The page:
have a “tremendous impact on the lives of tens of thousands of vulnerable children in California.” “This case provides the opportunity to redesign the way mental health services are delivered to children in foster care in California,” he said. “Children who are abused or neglected by their parents are normally traumatized by that experience; and then when they get removed from their families and put into foster care, that’s an additional traumatic experience. So even by the time they go into the foster care system, they’re already fragile, emotionally and psychologically. And many of them do need mental health services, and unfortunately, the foster care system doesn’t really address those needs very effectively.” The center has also achieved a number of other legal victories over the years. In the case American Academy of Pediatrics (AAP) v. Lungren, the center worked with the American Civil Liberties Union and international law firm Morrison & Foerster in overturning a California statute that would have required a minor to get her parents’ permission or a court order to exercise her constitutional right to an abortion. In Sullivan v. Zebley, the center helped win a case in the United States Supreme Court that enabled more than 450,000 poor children and their families to receive both monthly cash benefits and Medicaid coverage through the Supplemental Security Income program. The center was also involved in a federal class-action lawsuit, Morales v. Turman, in Texas that established benchmark standards for the treatment of confined juveniles and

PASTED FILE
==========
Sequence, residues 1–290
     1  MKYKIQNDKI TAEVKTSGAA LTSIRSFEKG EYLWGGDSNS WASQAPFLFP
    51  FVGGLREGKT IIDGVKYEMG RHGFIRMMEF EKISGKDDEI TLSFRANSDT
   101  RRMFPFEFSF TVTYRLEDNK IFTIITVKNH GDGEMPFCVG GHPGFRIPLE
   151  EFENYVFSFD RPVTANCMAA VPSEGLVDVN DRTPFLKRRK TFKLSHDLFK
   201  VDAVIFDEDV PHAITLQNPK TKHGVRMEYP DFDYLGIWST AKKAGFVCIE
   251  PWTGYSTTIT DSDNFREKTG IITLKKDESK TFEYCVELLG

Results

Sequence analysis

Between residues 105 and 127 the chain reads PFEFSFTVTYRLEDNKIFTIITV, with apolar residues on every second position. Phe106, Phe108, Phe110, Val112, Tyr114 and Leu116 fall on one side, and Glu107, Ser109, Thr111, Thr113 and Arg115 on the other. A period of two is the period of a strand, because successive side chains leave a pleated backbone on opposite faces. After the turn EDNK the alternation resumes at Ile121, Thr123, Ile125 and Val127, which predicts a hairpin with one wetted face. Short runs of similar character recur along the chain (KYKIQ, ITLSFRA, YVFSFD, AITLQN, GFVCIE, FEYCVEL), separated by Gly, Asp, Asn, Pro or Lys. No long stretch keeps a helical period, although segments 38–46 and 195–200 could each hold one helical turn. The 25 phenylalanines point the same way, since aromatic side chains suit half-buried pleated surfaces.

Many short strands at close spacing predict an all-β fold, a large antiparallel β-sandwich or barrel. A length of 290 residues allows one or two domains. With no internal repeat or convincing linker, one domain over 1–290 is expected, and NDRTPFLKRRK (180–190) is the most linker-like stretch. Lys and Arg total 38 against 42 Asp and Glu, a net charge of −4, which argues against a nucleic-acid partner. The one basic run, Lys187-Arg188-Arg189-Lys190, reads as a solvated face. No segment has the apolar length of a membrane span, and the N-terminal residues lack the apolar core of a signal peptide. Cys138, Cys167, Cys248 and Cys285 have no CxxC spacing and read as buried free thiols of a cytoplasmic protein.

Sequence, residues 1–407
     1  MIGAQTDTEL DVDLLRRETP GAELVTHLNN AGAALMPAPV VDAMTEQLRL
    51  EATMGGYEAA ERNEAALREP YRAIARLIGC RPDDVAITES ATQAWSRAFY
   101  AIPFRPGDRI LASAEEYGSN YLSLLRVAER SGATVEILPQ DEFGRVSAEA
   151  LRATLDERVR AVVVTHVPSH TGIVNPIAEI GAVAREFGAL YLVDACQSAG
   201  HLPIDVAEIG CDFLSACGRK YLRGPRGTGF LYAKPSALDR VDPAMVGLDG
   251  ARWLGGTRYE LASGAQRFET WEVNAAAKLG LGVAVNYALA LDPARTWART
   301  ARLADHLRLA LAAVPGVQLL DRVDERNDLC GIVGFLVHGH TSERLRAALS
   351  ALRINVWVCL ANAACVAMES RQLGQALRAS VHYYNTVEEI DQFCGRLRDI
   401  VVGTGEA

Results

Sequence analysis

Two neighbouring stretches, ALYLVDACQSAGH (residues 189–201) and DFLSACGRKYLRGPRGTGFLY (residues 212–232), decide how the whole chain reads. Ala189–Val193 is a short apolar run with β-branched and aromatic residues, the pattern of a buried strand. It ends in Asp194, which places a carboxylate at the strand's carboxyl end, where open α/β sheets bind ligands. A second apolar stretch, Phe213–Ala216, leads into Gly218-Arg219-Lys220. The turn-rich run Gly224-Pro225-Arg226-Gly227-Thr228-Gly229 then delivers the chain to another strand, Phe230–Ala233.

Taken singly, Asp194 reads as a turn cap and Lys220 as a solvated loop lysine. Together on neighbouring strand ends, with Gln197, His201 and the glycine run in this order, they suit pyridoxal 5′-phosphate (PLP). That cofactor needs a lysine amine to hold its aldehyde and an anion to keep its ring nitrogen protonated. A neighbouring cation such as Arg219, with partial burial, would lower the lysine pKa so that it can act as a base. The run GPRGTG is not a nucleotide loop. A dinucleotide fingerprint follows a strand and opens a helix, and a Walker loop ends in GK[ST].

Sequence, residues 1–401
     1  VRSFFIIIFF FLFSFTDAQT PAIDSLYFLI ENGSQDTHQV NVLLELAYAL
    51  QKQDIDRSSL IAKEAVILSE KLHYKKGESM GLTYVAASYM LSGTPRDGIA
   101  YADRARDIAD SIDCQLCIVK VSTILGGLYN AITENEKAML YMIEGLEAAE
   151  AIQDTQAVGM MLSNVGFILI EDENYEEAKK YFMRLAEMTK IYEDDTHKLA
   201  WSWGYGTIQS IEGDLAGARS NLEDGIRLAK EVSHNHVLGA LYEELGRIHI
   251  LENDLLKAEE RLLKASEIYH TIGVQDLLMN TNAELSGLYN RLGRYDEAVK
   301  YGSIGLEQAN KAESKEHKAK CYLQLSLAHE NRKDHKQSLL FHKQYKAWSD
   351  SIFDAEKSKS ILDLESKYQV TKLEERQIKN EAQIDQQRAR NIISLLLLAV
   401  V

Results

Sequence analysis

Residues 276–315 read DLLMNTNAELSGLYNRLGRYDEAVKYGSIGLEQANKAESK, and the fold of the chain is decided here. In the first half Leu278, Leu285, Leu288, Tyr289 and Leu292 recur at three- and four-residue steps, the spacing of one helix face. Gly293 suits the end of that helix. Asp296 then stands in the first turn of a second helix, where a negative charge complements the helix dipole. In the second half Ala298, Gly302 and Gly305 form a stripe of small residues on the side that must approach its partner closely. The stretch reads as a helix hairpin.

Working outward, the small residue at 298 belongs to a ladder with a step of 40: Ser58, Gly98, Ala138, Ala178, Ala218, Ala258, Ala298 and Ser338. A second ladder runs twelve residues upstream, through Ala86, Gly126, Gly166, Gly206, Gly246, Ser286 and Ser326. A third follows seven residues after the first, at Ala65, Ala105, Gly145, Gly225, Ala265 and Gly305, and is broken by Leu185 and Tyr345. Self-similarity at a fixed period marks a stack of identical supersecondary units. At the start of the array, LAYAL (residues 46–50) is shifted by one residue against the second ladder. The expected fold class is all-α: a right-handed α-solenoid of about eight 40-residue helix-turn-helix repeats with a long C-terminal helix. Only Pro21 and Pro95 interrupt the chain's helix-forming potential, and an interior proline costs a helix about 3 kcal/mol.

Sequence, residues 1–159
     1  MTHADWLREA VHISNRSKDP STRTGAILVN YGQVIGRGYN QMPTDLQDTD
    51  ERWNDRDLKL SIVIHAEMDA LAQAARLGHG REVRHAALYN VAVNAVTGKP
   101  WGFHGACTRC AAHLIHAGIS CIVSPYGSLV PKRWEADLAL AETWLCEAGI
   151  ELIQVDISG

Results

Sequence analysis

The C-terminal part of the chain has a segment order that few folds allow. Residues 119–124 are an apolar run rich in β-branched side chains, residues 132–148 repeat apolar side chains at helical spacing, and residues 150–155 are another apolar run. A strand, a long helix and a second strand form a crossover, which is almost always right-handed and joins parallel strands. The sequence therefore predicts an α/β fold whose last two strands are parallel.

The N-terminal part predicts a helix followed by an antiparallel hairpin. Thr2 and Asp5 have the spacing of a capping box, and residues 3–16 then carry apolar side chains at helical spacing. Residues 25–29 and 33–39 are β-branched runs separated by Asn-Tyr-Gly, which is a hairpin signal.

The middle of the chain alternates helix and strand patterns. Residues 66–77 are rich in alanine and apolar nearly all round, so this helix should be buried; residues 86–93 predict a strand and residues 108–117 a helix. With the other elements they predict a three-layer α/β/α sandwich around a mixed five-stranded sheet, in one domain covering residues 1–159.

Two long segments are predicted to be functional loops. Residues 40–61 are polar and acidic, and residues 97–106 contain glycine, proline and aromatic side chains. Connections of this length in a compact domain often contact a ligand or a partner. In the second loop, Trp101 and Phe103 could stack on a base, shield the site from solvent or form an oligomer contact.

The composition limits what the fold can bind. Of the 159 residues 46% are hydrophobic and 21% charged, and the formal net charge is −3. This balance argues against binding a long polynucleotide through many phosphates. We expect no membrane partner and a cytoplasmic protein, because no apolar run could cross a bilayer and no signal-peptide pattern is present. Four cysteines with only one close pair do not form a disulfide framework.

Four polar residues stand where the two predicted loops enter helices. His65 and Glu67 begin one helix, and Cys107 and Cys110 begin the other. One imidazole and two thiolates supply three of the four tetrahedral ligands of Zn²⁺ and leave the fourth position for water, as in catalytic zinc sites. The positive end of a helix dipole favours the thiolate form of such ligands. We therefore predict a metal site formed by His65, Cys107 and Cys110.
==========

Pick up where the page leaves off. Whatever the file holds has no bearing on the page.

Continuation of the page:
A. v. Bonta, began in July 2002, when the center and a consortium of state and national public interest groups filed a class-action lawsuit against the California Department of Health Services, the California Department of Social Services, Los Angeles County, and the Los Angeles County Department of Children and Family Services. The suit was filed on behalf of children who were in, or at risk of being in, foster care in California and who had behavioral, emotional, or psychiatric needs requiring individualized mental health services. The complaint alleged that the defendants’ failure to provide these services had seriously harmed foster children with mental health needs. In March, United States district Judge A. Howard Matz issued a preliminary injunction requiring that the defendants provide intensive mental health services to foster children who need them. O’Toole said the victory is likely to

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LAWCROSSING
LAW STAR

THE LARGEST COLLECTION OF LEGAL JOBS ON EARTH

www.lawcrossing.com

1. 800.973.1177

was the precedent upon which much of the successful juvenile-conditions lawsuits nationwide were based. In addition, the center successfully litigated statewide class-action lawsuits in Arkansas, Utah, and Washington that substantially improved foster care in those states, as well as played a key role in amending the federal Fair Housing Amendments Act of 988 to prohibit, for the first time, housing discrimination against families with children.